Vegetative Propagation of Pyropia to Advance the West Coast Nori Industry

Project Number
Project Date Range
Funding Agency
National Oceanic and Atmospheric Administration (NOAA)
Focus Area(s)
Sustainable Fisheries and Aquaculture

The global production and harvest of seaweeds is now a $7 billion industry and is expected to grow to $22.1 billion by 2024. In California, however, where demand has skyrocketed, in-state production of edible seaweeds is low; the market is dominated by seaweed products that are imported from Asia. While some wild seaweeds are commercially harvested in the U.S., the targeted species have suffered due to recent environmental changes, leading to inconsistent availability. Regulations limiting the harvests of these species are also highly restrictive.

This project developed new propagation techniques for edible seaweed species which will allow for year-round production in land-based aquaculture tanks. In partnership with Intertidal Seaweed, a commercial seaweed harvest and production business in northern California, the researchers developed innovative, effective and simplified vegetative propagation protocols for Nori.

Though COVID-19 restrictions delayed the project’s launch, in late 2021 the team developed and tested a protocol that yields Pyropia perforata monospores, which can be used to produce new seaweeds: young growing blades are cleaned with distilled water, then homogenized with a miniature electro-mechanical blade to generate clone cuttings. These monospores are activated and will propatage new gametophytic growths on culture rope if cultured with 100 mg L-1 GeO2, which appears to prevent overgrowth and contamination. This suggests there is a scalable method of seaweed propagation that is more suitable to California regulations than the methods currently used in China. Growth of new fronds stopped at four months, but resumed when inoculated rope cultures were transferred to floating platforms in outdoor grow tanks, in natural sunlight and temperature conditions. This validated the full lifecycle potential of this method, though growth was small, so further investigation and refinements are needed. Further studies revealed that this method works for P. perforata, but not for another native kelp species, Pyropia abbottiae.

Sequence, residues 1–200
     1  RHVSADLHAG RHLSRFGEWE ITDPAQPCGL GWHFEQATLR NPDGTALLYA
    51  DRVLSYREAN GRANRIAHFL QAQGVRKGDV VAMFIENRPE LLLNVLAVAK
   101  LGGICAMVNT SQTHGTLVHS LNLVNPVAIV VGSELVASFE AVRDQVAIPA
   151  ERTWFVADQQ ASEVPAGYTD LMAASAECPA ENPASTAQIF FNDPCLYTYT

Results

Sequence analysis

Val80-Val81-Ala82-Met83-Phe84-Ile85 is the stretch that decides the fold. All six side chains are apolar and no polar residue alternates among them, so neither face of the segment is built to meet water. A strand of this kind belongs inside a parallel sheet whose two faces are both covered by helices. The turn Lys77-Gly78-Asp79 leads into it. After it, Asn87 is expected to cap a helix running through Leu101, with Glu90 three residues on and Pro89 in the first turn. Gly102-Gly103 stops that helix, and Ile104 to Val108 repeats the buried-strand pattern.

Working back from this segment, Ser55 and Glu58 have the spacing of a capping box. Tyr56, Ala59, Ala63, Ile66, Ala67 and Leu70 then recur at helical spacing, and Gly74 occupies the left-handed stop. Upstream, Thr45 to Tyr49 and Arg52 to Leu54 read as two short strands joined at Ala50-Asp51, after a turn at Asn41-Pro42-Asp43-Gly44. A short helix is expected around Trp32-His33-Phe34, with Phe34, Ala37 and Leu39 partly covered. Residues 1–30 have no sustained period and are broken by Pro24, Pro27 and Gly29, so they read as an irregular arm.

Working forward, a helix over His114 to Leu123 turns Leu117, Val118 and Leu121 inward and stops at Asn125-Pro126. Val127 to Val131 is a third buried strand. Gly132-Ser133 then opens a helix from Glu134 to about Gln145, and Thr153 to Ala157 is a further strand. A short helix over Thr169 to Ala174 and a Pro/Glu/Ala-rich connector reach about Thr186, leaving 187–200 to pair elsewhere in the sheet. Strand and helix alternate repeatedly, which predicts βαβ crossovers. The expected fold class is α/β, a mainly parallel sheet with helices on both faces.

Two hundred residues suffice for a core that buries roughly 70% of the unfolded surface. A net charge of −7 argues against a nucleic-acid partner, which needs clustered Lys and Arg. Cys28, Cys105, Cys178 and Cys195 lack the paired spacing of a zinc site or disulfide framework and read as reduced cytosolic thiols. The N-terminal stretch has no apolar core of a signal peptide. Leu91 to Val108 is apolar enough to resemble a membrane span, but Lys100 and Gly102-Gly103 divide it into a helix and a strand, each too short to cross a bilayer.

Continuing research in this area will generate a new business, improving the economic and environmental viability of the California seaweed industry.

Principal Investigators
Daniel Swezey
University of California, Davis